College relations: Boston’s brains behind the Olympics



In a fascinating op ed in the Boston Globe recently, Andrew W. Lo, a professor at MIT’s Sloan School of Management and Tom Rutledge, chief investment strategist at Alpha Simplex Group, looked at how the area’s colleges and universities might support Boston’s bid to host the 2024 Olympics.

The reaction across Boston to the City’s selection as a finalist for consideration has been mixed, to be sure. Criticism runs from the practical to the parochial, with the most measured comments questioning the rate of return in redeveloped infrastructure, increased tourism, and enhanced recognition as one of the world’s top 50 global cities. The principal criticism, especially following the over-the-top $50 billion price tag of Putin’s unfinished and at times odd extravaganza, has been the cost to the taxpayers.

Lo and Rutledge imagine a number of interesting scenarios through which Boston’s colleges and universities might contribute to lower the cost, address the financing, communicate the story, and ameliorate the social, health, and management problems. They propose, effectively, to turn America’s 6th largest combined statistical metropolitan area into a working case study, using the Olympics as a backdrop to address the 2024 Summer Games’ potential to teach all of us.

It’s an interesting argument that has implications well beyond a hypothetical examination of the role of universities as educators. The real lesson emerging from the article is how American colleges and universities can capture the imagination, redesign the environment, and develop a template that puts the puzzle pieces that represent the strength of a growing, dynamic region into a coherent plan for growth. The example becomes more important and relevant as a story about higher education as a “doer.”

For most of American history, America’s colleges and universities have sat in isolated splendor as “cities upon a hill” separated by gates and green lawns from the towns in which they lived. In these circumstances, the college relied on its non-profit status as an educator and saw little value in extending its relationships very deep into the neighborhoods that surrounded it.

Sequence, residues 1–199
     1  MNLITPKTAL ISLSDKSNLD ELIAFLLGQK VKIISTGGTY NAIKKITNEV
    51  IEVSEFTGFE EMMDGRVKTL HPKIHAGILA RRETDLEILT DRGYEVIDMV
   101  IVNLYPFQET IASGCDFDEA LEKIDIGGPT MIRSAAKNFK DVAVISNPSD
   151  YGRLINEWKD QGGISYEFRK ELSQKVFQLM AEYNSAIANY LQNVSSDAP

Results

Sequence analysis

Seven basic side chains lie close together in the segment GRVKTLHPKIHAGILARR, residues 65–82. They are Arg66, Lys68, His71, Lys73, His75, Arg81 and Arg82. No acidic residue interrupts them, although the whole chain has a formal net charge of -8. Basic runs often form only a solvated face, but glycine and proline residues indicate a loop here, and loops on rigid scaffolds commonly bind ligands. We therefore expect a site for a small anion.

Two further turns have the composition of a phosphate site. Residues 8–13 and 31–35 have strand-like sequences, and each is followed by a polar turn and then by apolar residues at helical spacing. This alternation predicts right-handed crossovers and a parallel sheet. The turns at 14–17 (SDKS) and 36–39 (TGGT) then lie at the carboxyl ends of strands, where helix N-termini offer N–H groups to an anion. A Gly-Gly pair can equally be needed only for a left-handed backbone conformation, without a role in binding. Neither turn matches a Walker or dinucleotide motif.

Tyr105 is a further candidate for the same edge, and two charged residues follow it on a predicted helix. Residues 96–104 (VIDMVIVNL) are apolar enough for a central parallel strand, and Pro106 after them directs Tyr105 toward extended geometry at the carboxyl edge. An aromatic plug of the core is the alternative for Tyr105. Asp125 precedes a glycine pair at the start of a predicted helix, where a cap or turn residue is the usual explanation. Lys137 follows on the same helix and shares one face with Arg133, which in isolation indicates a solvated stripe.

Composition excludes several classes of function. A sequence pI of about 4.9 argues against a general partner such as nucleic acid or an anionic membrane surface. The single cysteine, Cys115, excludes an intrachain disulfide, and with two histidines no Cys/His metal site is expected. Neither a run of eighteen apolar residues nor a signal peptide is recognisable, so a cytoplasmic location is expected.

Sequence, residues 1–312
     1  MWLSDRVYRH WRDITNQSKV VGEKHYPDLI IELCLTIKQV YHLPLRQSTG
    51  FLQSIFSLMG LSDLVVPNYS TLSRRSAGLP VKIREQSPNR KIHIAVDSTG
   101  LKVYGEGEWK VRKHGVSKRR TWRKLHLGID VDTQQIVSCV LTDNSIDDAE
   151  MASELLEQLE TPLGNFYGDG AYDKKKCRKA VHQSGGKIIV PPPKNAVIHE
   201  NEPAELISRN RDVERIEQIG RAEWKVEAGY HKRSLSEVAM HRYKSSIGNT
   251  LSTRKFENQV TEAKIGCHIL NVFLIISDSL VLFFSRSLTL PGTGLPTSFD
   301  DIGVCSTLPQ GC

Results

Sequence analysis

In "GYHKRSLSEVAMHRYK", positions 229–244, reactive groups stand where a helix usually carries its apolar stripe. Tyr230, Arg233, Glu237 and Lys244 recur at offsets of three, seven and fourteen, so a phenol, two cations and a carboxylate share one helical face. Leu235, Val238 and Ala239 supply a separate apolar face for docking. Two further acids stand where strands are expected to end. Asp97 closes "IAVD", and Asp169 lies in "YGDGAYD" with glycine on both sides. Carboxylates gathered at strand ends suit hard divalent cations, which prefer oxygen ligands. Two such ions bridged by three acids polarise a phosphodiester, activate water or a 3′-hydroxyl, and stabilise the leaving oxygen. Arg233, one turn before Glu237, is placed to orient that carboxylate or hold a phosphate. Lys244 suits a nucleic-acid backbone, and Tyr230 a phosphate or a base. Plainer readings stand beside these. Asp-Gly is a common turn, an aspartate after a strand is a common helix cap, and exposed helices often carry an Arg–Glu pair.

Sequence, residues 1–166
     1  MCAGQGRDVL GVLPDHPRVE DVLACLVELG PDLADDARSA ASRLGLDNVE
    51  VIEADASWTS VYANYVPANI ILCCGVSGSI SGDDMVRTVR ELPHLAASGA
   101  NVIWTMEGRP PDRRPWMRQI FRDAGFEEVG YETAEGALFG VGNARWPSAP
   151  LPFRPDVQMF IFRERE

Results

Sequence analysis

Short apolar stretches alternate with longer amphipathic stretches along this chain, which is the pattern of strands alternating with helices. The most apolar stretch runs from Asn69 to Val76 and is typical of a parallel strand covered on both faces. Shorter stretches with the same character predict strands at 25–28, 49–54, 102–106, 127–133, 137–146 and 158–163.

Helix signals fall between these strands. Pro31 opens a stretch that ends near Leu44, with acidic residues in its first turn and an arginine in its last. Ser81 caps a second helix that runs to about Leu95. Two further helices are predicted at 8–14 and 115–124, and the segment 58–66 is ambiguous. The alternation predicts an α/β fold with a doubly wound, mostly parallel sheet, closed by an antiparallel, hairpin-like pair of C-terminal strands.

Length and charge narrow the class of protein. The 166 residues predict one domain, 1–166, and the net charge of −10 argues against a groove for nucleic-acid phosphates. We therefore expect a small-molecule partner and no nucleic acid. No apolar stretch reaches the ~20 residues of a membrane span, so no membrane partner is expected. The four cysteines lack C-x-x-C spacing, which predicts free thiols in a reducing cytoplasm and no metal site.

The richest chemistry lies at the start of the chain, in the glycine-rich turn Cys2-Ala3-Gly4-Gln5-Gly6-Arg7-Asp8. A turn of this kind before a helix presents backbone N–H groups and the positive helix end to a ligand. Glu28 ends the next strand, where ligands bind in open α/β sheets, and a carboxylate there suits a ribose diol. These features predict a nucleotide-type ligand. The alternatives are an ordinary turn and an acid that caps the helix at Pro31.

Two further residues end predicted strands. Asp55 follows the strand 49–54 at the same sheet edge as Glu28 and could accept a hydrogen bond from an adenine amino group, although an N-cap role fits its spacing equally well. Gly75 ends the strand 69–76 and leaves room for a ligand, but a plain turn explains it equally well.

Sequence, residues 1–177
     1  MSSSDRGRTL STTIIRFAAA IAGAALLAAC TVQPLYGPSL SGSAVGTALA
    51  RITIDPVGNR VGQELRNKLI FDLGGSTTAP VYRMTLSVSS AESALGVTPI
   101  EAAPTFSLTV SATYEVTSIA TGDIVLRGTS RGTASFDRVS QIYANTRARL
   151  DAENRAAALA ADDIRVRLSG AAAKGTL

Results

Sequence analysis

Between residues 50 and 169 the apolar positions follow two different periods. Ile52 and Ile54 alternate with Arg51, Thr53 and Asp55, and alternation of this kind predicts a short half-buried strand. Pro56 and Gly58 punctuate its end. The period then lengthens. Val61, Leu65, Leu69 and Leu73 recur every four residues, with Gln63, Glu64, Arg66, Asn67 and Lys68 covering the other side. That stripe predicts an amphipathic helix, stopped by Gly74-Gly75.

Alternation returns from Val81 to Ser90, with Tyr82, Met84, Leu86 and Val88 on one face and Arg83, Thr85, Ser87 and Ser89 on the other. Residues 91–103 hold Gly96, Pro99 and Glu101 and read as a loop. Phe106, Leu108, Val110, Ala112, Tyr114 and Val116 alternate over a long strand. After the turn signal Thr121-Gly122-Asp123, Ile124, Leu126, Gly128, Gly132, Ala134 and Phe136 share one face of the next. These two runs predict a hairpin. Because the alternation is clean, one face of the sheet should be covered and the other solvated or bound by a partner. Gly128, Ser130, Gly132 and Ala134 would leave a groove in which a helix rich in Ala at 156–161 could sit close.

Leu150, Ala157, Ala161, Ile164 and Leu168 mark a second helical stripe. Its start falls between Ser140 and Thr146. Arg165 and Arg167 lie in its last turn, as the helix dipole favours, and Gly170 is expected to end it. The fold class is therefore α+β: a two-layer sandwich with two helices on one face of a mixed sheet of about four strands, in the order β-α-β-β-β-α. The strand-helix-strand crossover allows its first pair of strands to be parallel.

As colleges grew, issues like off campus housing, student safety, and municipal service use became more important, but the reaction from college administrators was defensive at best. Among faculty, the issues were more “cause-based” and cerebral but typically lacked the holistic engagement required of successful town/gown partnerships.

The result could be anticipated as cash-strapped municipalities moved to challenge the tax-exempt status, withhold the building, sewer, and occupancy permits, and tried to legislate the behavior of students. American higher education continued to educate but in an increasingly acrimonious environment. The politics remain ugly and have become unwinnable.

That’s why the article on how Boston’s “brains” could contribute to the 2024 Olympics is timely and telling. It forecasts a change in strategy now being adopted by many colleges, building upon first lessons learned by institutions like the University of Pennsylvania in their collaborations with West Philadelphia. More than strategy even the nature of these and countless other partnerships across America illuminate a change in intellectual commitment to the university as “doer.”

In a sense, Boston reinvented itself to build a case as what Lo and Rutledge call “the innovation capital of the world in asset management, life sciences and medicine, technology, and other R & D-intensive disciplines.” If the claim is subject to debate, the impact that higher education has on the region is clear. When colleges and universities actively seek to build out and grow their environment, they merge intellectual capital and economic development into a broad partnership that translates into jobs, tax revenue, and an improved social, educational and cultural environment.

So, what is the lesson then for American higher education?

Perhaps the most important is that any serious strategy to grow a college or university must incorporate a “sense of place” that builds upon a relationship with its environment. Good college and university strategic plans must base the educational foundation for growth upon an understanding of the role that American higher education plays in the community.

Additionally, a college’s strategy must link its people, programs, and facilities into a master plan to implement it. There is a synergistic link between the strength of an institution and the community that surrounds it. There must be no apologies for breaking out from the confines that limit colleges and universities mandate to educate broadly. In the 21st Century, the meaning of education and the relevancy of how institutions deliver it has changed. Colleges are economic engines and must have a seat at the community table.

For those colleges that think they are too small, regional, or poor to engage the community, the future is at best a defensive skirmish to cut their losses in town/gown battles. Scale and clout can be nurtured in isolation or cooperatively across institutions. The trick is to change the mindset and do something to become the “doer” in the new American economy where colleges and universities can restate their relevance not only as educators but also as economic drivers, locally and regionally.

Developing the college as a community asset requires a change in culture, mindset, and institutional energy. But it may turn out that the best laboratory built by the institution in the future will be the one that they constructed in partnership beyond the college gates.